Science financier NWO is making funds available for this purpose from the Scientific Infrastructure research program (formerly the NWO Large program). This was announced on 9 May in The Hague. A total of 7 applications together received 22.8 million euros.
The leader for the Virgo application is Nikhef, which was already closely involved in the construction and an upgrade program for the detector, also with NWO-Groot funding. The UvA Institute of Physics is also involved through astrophysicist Samaya Nissanke. “Gravitational wave science is still an exciting challenge for the instrument makers at Nikhef. This investment allows us to apply special technology upgrades to further improve the Virgo detector,” said gravitational wave expert Prof. Andreas Freise who leads the Virgo innovation project.
Virgo was closely involved in the first ever observations of gravitational waves in 2015, along with the two LIGO detectors in the US. Such vibrations of space and time occur, according to Einstein’s theory of relativity, when compact objects such as black holes collide. Gravitational waves make a new form of astronomy possible.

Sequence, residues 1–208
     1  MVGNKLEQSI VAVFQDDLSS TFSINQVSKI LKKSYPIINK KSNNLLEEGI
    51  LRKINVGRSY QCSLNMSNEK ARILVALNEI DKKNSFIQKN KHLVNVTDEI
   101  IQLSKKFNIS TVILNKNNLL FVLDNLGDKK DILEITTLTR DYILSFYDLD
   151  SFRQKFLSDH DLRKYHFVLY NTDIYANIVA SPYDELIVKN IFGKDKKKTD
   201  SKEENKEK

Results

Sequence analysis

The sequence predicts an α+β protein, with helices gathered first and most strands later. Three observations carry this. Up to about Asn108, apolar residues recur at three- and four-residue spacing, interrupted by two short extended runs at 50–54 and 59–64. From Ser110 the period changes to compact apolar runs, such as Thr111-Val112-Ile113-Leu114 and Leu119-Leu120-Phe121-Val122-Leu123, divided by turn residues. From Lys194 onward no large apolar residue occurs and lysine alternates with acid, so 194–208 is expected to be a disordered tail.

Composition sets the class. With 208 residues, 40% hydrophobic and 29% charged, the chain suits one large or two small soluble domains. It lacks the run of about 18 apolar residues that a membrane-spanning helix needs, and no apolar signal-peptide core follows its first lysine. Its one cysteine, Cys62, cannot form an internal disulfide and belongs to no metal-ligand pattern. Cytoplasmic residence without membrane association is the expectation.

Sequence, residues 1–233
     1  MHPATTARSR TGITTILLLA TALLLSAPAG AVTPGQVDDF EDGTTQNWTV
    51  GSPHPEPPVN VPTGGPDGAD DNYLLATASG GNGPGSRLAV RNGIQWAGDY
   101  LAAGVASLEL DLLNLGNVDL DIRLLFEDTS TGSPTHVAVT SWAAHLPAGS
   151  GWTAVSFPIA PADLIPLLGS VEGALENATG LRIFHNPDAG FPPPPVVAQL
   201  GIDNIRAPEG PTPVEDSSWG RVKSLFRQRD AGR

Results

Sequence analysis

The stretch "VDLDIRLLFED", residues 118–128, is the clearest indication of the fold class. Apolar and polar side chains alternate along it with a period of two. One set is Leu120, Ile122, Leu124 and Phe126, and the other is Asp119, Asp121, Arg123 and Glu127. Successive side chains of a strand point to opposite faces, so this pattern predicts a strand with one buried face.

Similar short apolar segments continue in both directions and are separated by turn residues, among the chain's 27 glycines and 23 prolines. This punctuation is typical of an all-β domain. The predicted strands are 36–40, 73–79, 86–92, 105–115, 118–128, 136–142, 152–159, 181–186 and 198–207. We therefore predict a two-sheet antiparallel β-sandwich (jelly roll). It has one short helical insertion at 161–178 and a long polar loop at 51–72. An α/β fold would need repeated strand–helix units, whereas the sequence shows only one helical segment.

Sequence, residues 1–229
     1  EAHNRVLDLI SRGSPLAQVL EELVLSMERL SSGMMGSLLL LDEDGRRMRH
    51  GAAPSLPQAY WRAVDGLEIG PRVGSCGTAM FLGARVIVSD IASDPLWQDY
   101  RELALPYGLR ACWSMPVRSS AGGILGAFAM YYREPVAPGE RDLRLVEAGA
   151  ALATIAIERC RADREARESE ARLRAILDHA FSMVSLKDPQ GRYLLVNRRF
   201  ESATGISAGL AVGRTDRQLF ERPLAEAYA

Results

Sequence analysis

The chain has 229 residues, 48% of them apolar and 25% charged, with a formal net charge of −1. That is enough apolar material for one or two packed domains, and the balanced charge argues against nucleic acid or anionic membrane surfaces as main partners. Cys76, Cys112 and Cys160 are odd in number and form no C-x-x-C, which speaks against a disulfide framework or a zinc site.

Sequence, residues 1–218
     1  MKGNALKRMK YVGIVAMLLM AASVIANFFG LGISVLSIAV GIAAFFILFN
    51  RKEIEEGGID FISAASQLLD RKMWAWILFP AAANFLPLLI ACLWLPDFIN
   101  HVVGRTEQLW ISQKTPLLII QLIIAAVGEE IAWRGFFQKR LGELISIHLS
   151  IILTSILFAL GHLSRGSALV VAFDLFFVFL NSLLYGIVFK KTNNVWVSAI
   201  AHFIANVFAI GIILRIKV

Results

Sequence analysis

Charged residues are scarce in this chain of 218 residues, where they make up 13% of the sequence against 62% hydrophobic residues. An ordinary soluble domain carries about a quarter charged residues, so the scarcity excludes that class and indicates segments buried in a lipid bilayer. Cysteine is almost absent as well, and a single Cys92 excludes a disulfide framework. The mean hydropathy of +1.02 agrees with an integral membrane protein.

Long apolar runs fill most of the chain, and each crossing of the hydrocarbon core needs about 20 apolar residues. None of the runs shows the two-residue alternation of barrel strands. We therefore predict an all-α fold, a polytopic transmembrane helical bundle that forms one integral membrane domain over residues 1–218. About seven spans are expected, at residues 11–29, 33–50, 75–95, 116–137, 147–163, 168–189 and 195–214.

The new NWO budget is largely for new parts and components for the detector, particularly to make it even less sensitive to disturbing motions from the environment. This requires the design and construction of new sensors and facilities that actively keep the detector stationary. Nikhef has a prominent role in this, and is itself contributing 1.6 million for personnel.
Virgo observes gravitational waves with interfering laser beams, which show distortions of the detector’s kilometer-long arms. In 2018, Nikhef received 3.5 million NWO budget for, among other things, an optical filter cavity to reduce the quantum fluctuations of the laser beam. The new upgrade should further increase the availability of the beam for measurements.
The LIGO-Virgo consortium plans a new period of gravitational wave measurements later this month after years of work. The fourth round of measurements, O4, in which the new KAGRA detector in Japan is also participating for the first time, will last a year and a half.
In total, LIGO-Virgo has observed more than 90 gravitational waves since 2015, some from black holes swallowing each other, or from colliding neutron stars. The observations are interesting both as tests of Einstein’s theories and for astrophysicists and cosmologists. In 2017, the founders of LIGO were awarded the Nobel Prize in Physics.